Derek Draper, LabourList and all that stuff

I’ve not blogged about some of the latest to-ings and fro-ings over Derek Draper and LabourList as plenty of other people have covered the topic, but this post in particular from a former Labour insider is worth highlighting. I think he underestimates a bit the scope for the internet to make an impact on British politics, but his analysis is thoughtful and measured:

It’s taken thirty-six years but last week it finally happened. I found myself – however I might wish for it to be otherwise – agreeing with an article in the Daily Mail. It was a stingingly accurate critique of the Labourlist group blog which has been online for a while now but was “launched” last Thursday.

Labourlist is not something that I’d normally spare much thought about. I’ve been happy to drift away from the day-to-day dogfights of British politics since I stood down as a Special Adviser at the 2001 General Election in an effort to reclaim my life and start up some of my own projects. But I have found something sickly compelling about the way Labourlist has unfolded into a tragi-comedy that reveals more than it should about the troubled relationship the Labour Party has with the internet.

You can read the full piece – and it’s well worth a read – here. It’s also interesting to note that in the comments, Alex Hilton of Recess Monkey / Labour Home agrees with the analysis.

Amusing side-point: Jack Thurston did actually study at Berkeley, not just in Berkeley (this at/in thing has been one of the controversies surrounding Derek Draper).

PS Derek: if you’re reading this, here’s a free tip. When you receive a letter from someone, does them lapsing into CAPITAL LETTERS AT VARIOUS POINTS make you think (a) crikey, that really makes the point powerfully, or (b) I wonder if they’d be using green ink if they were handwriting this? Now look at some of your own headlines…

UPDATE: Dizzy Thinks has a nice line in satire today too.

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15 Comments

  • Chris Keating 16th Feb '09 - 12:12pm

    Derek Draper can’t be a very good psychotherapist if he still has all these anger issues…

  • The more I think about this, the more I think that Draper is doing a good job. He is all that Iain Dale and Guido can talk about at the moment.

    His deliberate attempt to go for Guido on the racist stuff in his comments actually riled Guido (and Iain). The problem Labour have always had is that they’ve been too timid.

    The fact that Draper might be coming across badly is irrelevant I think.

    Just a thought, could be wrong. But there’s a part of me that thinks Draper is not being as stupid as Iain Dale and Guido think he is.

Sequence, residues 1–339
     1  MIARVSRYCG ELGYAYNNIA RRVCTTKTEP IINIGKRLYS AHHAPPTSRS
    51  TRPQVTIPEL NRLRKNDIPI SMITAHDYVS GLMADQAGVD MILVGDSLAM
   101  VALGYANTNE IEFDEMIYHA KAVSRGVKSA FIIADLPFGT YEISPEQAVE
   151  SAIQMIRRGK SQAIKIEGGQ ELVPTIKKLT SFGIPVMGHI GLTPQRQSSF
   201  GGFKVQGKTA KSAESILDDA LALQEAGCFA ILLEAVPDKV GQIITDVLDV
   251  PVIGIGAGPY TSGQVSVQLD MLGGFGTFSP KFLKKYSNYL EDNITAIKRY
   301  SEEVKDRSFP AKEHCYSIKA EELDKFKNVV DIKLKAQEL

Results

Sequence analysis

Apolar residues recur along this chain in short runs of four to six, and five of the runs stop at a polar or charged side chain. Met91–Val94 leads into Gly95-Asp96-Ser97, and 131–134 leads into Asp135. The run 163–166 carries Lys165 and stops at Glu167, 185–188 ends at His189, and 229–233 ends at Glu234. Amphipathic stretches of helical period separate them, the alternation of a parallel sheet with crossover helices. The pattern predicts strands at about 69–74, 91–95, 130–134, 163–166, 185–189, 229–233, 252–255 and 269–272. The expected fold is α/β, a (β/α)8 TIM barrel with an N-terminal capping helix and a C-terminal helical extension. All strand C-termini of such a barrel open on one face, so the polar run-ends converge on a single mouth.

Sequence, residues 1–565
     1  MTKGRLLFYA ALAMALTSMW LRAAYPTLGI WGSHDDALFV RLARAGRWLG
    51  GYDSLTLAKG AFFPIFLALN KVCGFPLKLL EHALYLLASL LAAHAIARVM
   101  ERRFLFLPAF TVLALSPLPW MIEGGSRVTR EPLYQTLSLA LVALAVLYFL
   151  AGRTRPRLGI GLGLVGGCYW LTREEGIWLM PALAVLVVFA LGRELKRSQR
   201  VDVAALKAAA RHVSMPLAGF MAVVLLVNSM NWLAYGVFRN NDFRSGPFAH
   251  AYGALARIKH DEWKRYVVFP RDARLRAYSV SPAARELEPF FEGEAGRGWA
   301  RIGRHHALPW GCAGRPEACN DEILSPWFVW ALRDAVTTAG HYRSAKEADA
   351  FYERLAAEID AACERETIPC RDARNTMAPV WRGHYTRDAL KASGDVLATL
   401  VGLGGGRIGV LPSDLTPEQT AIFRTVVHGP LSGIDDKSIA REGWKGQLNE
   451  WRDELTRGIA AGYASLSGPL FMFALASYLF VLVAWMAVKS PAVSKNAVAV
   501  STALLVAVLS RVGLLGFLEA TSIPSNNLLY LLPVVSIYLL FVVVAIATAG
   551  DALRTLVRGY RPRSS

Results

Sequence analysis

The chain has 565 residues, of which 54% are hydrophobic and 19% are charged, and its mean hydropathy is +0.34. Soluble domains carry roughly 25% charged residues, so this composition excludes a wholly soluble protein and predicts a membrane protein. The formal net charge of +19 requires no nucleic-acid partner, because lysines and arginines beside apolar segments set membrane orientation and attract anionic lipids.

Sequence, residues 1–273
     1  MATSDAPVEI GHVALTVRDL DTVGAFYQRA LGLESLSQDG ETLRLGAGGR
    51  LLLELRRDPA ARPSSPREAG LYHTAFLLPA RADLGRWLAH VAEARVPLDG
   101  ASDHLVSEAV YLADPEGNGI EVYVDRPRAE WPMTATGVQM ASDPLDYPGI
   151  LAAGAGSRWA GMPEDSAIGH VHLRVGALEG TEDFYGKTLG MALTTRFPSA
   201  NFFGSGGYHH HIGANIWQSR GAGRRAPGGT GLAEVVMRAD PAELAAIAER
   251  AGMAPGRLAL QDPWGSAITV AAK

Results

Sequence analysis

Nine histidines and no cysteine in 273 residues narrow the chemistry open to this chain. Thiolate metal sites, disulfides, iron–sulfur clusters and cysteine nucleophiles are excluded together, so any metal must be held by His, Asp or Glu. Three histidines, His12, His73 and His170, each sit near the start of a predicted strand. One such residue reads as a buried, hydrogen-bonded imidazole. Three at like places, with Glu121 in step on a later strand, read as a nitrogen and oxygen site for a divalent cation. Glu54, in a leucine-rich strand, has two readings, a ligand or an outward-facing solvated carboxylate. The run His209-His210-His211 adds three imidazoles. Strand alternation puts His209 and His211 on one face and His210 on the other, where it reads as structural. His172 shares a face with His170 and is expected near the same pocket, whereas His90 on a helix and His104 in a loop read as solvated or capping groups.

I’m a Lib Dem btw.

  • “I think he underestimates a bit the scope for the internet to make an impact on British politics, but his analysis is thoughtful and measured …”

    He’s not actually sceptical about the impact of the Internet in general – more about the specific impact of bloggers:
    “The big political blogs might occupy the minds of the political classes and very occasionally break new stories but they don’t turn elections. The vast majority of people who read political blogs are as far from being floating voters as it’s possible to be.

    Labour should forget about trying to win the battle of the blogs. It’s probably a lost cause and anyway I’m not convinced it matters in terms of winning elections.”

    I know bloggers aren’t going to like that point of view, but looking at the numbers it’s difficult to argue with it.

    Your latest “statporn” article boasts that LDV had 23,696 unique visitors in January. That may sound a lot, but it equates to only 3 dozen people per UK constituency – a fraction of the average FOCUS round, in fact.

    And it’s a good point that many of the visitors already have pretty strong political views of one colour or another. When was the last time you read a post on LDV by someone you thought was genuinely undecided about which party they supported?

  • Mark

    But if you read what I quoted, it was addressing the issue of whether blogs “turn elections”. Obviously they don’t, if they’re read by only a few dozen people in each constituency.

    Of course you can flatter yourself – and your audience – with the idea that the small minority who do read blogs are disproportionately influential people, so that the blogosphere may still be having a significant influence on the shape of the political debate. In fact, I suspect they’re mostly bored people in offices with the odd half-hour to kill. But still, it’s all good clean fun …

  • Squirrel Nutkin 16th Feb '09 - 2:36pm

    “..all good clean fun…”?

    In the Staines(Fawkes)-Draper muck-wrestling contest we are being asked to decide precedence between a louse and a flea.

  • “Blogging’s power isn’t in that, but it can be a powerful indirect route to that.”

    But what’s the evidence that blogging has any significant influence – direct or indirect?

    I’m afraid political bloggers tend to get so wrapped up in their own little sphere that they sometimes mistake it for the real world, which – by and large – isn’t listening.

  • Ok. Well, there’s nothing wrong with being optimistic – provided you keep both feet on the ground and don’t get too carried away with the idea that cabinet ministers may be hanging on your every electronic word.

    But I do think it’s a mistake to get so blog-obsessed that “the internet” becomes synonymous with “the blogosphere”. After all, that article by Jack Thurston does emphasise the importance of the parties keeping in contact with their supporters by email. That’s part of the Internet too, even if it doesn’t offer quite the same opportunities for ego-tripping.

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